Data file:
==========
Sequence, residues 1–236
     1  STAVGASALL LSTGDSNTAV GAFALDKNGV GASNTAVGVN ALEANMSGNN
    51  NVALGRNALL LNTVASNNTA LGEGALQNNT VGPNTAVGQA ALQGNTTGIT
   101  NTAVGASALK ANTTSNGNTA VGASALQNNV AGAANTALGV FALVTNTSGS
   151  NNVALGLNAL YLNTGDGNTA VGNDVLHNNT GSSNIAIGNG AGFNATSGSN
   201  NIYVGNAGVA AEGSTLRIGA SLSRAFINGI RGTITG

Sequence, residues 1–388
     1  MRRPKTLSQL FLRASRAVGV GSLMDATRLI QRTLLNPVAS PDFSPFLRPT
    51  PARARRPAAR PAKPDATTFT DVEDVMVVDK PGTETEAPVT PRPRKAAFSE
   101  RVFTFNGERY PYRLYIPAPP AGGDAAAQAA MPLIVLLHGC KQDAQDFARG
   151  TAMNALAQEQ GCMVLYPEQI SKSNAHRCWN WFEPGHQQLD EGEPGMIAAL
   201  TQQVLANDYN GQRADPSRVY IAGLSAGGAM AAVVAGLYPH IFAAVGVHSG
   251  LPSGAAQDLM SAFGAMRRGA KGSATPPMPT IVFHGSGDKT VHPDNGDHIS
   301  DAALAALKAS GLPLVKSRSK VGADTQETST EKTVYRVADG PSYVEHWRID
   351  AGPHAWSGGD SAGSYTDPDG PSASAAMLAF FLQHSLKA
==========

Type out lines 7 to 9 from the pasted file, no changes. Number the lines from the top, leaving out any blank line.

Sequence, residues 1–388
     1  MRRPKTLSQL FLRASRAVGV GSLMDATRLI QRTLLNPVAS PDFSPFLRPT
    51  PARARRPAAR PAKPDATTFT DVEDVMVVDK PGTETEAPVT PRPRKAAFSE